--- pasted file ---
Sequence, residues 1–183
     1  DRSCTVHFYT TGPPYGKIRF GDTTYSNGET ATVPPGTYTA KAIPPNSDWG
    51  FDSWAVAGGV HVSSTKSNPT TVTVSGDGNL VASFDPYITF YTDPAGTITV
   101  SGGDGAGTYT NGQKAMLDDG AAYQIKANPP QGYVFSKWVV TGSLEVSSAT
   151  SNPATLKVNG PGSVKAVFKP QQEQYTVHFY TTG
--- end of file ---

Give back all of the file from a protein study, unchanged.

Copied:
Sequence, residues 1–183
     1  DRSCTVHFYT TGPPYGKIRF GDTTYSNGET ATVPPGTYTA KAIPPNSDWG
    51  FDSWAVAGGV HVSSTKSNPT TVTVSGDGNL VASFDPYITF YTDPAGTITV
   101  SGGDGAGTYT NGQKAMLDDG AAYQIKANPP QGYVFSKWVV TGSLEVSSAT
   151  SNPATLKVNG PGSVKAVFKP QQEQYTVHFY TTG